[AllPolitics - RNC '96 Facts]

Over the years, GOP abortion plank has evolved


The Republican Party's anti-abortion plank has gone full circle in just two decades. Robert Dole, the Kansas senator who introduced the anti-abortion language in 1976, hopes a tolerant abortion plank in 1996 will help him win the presidency. And while Dole pushes for the inclusive language Ronald Reagan inserted in 1980, members of the conservative right pledge to fight any departure from the strong anti-abortion plank used during the past three election years.

Abortion language first debuted in the GOP's 1976 platform, three years after the monumental Roe v. Wade Supreme Court decision. The plank recognized pro-life, pro-choice, middle ground and undecided factions of the party, but the position taken was Dole's language which called for a constitutional "human life" amendment. Having won a tight 1974 senate race by painting his obstetrician opponent as a supporter of abortion on demand, Dole had become a political champion of the pro-life cause.

Republican nominee Ronald Reagan pushed for inclusive but firm language on abortion in the 1980 GOP platform, and the plank had something to appease all sides. The plank supported an anti-abortion constitutional amendment and efforts to cut the flow of taxpayers' money to abortion services, but it also recognized the differences of view among Americans and within the party. Also included in the plank was a pledge to appoint judges with traditional family values, making the abortion stance a GOP "litmus test" for judicial nominees.

GOP conservatives had their way with the GOP platform in 1984, and the abortion plank was no exception. Building on the 1980 wording, the 1984 plank also proposed extending the 14th Amendment, which says no one shall be deprived of life or liberty without due process of the law, to fetuses. The 1980 tolerance language, which had appeased moderates, was gone, and even the inclusive undertones were lost in the plank that began: "The unborn child has a fundamental individual right to life that cannot be infringed."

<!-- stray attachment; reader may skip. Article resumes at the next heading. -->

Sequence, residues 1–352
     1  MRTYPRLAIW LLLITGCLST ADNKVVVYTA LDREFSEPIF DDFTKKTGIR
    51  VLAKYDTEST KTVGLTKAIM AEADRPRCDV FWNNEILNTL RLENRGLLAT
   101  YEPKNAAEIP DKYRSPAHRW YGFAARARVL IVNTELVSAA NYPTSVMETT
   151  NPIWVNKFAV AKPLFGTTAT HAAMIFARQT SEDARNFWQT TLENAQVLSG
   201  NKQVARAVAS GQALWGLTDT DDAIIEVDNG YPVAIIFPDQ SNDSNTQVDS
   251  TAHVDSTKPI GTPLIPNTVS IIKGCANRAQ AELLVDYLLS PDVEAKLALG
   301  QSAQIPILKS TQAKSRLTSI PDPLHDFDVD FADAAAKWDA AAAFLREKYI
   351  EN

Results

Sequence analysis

The 1984 plank also recognized the larger social ills the GOP connected with abortion, praising people and groups that provide financial, emotional and physical aid to pregnant women. The plank's language veered farther right than in the past, but it best represented its conservative president and his conservative-dominated party.

The 1984 abortion plank carried through 1988 and was slightly condensed in 1992. Both the 1984 and 1988 GOP planks praised Reagan's commitment to appointing pro-life judges.

Reagan's more moderate successor, George Bush, kept the strong anti-abortion language in the platform in 1988 and in the 1992 GOP platform under pressure from the conservative wing of the party. Any weakening of the language would have alienated Pat Buchanan's vocal following, killing any chances of a Republican presidential victory. In Buchanan's fiery 1992 convention speech, his first mention of domestic policy was to praise Bush's pro-life position and label Clinton as a supporter of abortion on demand.

From the court room to the polling booth, abortion has become one of the most volatile issues in American politics. A number of prominent GOP governors and congressmen support abortion rights, making divergent views commonplace in the Republican ranks. This year Dole faces virtually the same dilemma as Bush -- either use tolerance to court centrist voters, while dissing the Republican right, or appease the conservative wing at the cost of alienating moderate party members and voters.

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